By Jessica Fast Michel
In 2013, I visited Sapporo for its famous Yuki Matsuri (snow festival). This extravaganza of snow involves block after block of the city’s main drag sculpted with icy precision into giant tableaus that included a scene of a beautiful woman and a farm, a Thai palace, happy cartoons in a Hawaiian raft, and a ski jump featuring impressive shows of talent by skiers and snowboarders. Mixed in with the larger attractions were smaller snow creations of popular characters, friendly animals, dedications to various institutions. This artwork was surrounded by food stalls peddling local Sapporo specialties and the ubiquitous hordes of amateur photographers, all simultaneously blocking each other’s perfect shots.
For us, there was also a class of local sixth grade students.
The first group that approached us, three foreigners snapping pictures like everyone else, consisted of four bright-eyed and nervously giggling children holding pre-written questions in English so cute we couldn’t help but give them our time when they shyly asked if they “could have a moment.” The yellow vests they wore and the signs around their necks proclaiming “English activity” signaled to us just the kind of communication it is our job to encourage : Japanese going out of their comfort zones in attempts to communicate with people they don’t usually and to take part in the larger, global world.
The leader of the group, the one with the lamented card of questions in hand, asked our names and had us write them down in a little notebook. How charming! They then asked what country we were from, our favorite sport (this was my question, and I answered soccer, even though I don’t give two figs about any sport), and our favorite food. A different question of each of us – further charming. The interview took less than two minutes, and as the children thanked us, still giggling, we felt as though we had contributed just a little bit to their larger global education. Gaijin for the win.
Then, a second group approached us and asked the same questions. This was fine, because they were still cute and giggling and nervous, and I decided that since I had already committed to the soccer response, I would stick with it. They also thanked us and left.
And then a third group came up. And then a fourth. We tried to explain to them in Japanese that we had already answered two and three times before, but they didn’t seem to mind that this persistence would completely skew their results when they all compared notes later, so by the fourth group, I had changed my name to Abby, and then Mary for the fifth group, and answered pizza when they asked what my favorite food was (although this is definitely not a lie of the same caliber as telling them my name was something other than what my name actually is). With the fifth group, we tried to explain to the teacher accompanying them how many times we had answered these questions, but she tartly retorted, “Please use English!!” and we were again answering the same monotonous questions, and the giggling had ceased to be charming about two groups before.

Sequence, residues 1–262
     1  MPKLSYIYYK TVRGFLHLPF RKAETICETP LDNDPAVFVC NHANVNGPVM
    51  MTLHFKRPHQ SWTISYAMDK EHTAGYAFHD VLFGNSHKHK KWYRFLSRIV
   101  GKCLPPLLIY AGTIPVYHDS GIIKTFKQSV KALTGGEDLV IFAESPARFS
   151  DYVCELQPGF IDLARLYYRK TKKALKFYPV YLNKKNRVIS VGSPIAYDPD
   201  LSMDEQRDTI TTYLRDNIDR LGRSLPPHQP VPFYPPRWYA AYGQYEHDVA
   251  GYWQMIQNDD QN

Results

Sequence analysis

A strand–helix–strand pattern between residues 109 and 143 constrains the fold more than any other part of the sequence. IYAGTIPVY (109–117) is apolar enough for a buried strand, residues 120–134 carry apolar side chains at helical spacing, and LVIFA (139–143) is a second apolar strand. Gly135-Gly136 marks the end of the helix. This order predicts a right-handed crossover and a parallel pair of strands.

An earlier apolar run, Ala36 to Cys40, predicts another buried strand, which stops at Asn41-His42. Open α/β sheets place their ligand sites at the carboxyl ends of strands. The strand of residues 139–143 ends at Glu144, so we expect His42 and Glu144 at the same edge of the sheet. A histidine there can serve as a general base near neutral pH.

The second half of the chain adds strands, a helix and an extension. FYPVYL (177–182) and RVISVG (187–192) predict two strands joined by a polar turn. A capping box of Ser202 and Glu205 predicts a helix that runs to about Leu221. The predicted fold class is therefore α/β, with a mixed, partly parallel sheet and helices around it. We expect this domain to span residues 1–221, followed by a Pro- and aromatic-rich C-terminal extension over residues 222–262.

We started employing evasive maneuvers to avoid them. We moved on to the next block of snow art, but they were everywhere, little clumps of four to five children eagerly scanning the crowds for anyone who didn’t look Japanese. This had definitively become racial profiling and was no longer charming. We avoided eye contact. We stared at the ground. We saw other foreigners being questioned and rejoiced that it was a) not us, or b) a group we’d already talked to.
When a sixth group approached, we told them we spoke German.
Now, I didn’t feel good about this, because the language teacher inside me wanted to help them out, but my inner human being could not take one more round of asinine questions, the answers to which I was making up anyway. My name is not Mary. I’m not from the U.K. I don’t actually like soccer. I definitely don’t speak German.
However, there were interesting things about how the students responded to our answers. There being three of us and three questions, usually a group would ask each of us one question. To the students, if one of us was from the U.K., we all were. If one of us liked soccer or unagi-don, we all did. All but one of the five groups we talked to us assumed that the answers one of us provided applied to the whole group.
This was especially true of the question, “where are you from.” Because Japan is such a homogeny, the sixth graders did not think about the possibility that three people together could all be from different countries, which we all were. Although they could imagine that we could all like different food or sports, since they all liked different food or sports, they didn’t think that we could be from different places, because they are all from the same place. Only one group asked each of us each question and noted our different responses to each of those questions.
There are Japanese; there are foreigners. There are not really different kinds of foreigners, and especially not foreigners-hanging-together-but-from-different-countries. This perhaps illustrates their embedded view about the world as well as anything – namely, that there isn’t a lot of grey area in it. Although I applaud the students’ attempts at communicating, and especially the school for arranging such an activity for them to experience, I’m not sure how much they could really learn from Abby and Mary, who both like soccer and are from New Zealand. On the other hand, maybe just meeting Abby and Mary is enough.